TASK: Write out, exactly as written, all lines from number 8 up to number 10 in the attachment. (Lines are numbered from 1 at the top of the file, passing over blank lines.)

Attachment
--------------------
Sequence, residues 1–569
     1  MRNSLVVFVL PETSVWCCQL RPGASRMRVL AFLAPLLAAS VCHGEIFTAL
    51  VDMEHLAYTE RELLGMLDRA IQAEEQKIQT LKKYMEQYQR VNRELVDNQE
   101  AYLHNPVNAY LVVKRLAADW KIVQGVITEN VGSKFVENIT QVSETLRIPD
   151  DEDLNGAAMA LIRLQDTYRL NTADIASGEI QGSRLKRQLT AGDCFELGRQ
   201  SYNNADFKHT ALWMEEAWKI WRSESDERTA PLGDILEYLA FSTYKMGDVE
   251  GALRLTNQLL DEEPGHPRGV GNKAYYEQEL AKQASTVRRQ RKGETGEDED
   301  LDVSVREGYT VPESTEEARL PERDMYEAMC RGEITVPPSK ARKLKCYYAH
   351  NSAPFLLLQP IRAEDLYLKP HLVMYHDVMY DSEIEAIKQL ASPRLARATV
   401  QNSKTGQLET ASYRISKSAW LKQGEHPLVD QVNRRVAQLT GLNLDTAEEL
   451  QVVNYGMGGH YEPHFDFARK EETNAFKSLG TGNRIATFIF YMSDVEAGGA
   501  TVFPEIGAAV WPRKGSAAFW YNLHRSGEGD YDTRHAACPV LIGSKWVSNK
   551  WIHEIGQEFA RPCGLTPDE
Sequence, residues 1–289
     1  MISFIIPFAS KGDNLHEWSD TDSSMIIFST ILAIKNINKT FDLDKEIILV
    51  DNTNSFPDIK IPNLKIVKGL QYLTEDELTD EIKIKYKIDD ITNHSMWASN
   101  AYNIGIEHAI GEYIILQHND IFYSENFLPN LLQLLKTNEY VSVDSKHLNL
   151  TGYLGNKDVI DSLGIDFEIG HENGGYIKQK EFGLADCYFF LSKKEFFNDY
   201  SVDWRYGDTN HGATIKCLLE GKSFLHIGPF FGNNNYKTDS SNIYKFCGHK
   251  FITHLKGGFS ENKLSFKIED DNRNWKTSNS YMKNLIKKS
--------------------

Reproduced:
   301  LDVSVREGYT VPESTEEARL PERDMYEAMC RGEITVPPSK ARKLKCYYAH
   351  NSAPFLLLQP IRAEDLYLKP HLVMYHDVMY DSEIEAIKQL ASPRLARATV
   401  QNSKTGQLET ASYRISKSAW LKQGEHPLVD QVNRRVAQLT GLNLDTAEEL